I learned about Toonlet today from the ReadWriteWeb blog.  There are quite a few sites that allow you to create your own comic strip, but Toonlet has some unique characteristics.

It allows you to actually design the characters in your strip through a very well-designed “mix-and-match” feature.  In addition, you can “reply” to other people’s comics with a comic of your own — now that would make for an interesting comments section!

The site hasn’t “officially” launched yet, though you can sign-up and start using it now. 

There do not appear to be inappropriate comics on the site, but it’s unclear to me if the site’s owners will be carefully monitoring what’s posted.  It would also be great if they included some way to moderate responses before they’re shown.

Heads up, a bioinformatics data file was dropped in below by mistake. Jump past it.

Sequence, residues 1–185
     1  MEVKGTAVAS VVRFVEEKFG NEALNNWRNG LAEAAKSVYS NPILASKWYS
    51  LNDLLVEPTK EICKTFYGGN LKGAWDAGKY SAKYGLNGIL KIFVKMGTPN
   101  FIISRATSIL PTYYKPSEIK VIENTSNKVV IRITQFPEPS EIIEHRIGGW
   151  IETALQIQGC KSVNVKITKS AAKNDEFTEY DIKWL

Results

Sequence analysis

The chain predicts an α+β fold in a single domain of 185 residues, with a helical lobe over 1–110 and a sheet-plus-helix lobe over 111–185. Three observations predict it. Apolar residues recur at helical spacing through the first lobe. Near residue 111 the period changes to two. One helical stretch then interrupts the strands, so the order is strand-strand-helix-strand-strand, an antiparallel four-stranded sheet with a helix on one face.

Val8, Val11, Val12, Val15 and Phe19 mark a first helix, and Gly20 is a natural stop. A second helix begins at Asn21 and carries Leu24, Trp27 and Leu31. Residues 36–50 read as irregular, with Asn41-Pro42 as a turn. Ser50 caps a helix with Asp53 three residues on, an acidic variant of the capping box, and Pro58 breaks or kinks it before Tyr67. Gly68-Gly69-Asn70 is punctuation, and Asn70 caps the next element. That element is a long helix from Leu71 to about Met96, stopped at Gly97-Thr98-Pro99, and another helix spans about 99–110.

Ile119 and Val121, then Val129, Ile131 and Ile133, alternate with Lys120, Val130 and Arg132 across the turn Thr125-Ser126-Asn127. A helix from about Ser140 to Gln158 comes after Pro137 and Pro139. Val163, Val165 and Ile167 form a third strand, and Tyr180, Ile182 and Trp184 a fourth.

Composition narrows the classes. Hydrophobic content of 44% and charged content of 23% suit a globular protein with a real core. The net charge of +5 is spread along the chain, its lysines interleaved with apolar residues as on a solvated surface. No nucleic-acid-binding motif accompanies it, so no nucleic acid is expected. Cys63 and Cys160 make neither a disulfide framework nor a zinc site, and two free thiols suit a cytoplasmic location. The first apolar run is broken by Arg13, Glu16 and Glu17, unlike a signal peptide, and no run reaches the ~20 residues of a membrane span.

Until those two issues get clarified, though, the site, as great as it is, may be more appropriate for adult ESL classes rather than K-12 ones.

Writing comic strips are just one more vehicle that allows English Language Learners to more easily develop writing skills.

I have links to many other “create a comic strip” sites on my Examples of Student Work page under Student Comic Strips.  The ones listed may not provide the same features as Toonlet, but, for now, they also have a few more safety advantages.

All these sites, as well as Toonlet, allow you to post the url address of your comic strip on a blog or online journal.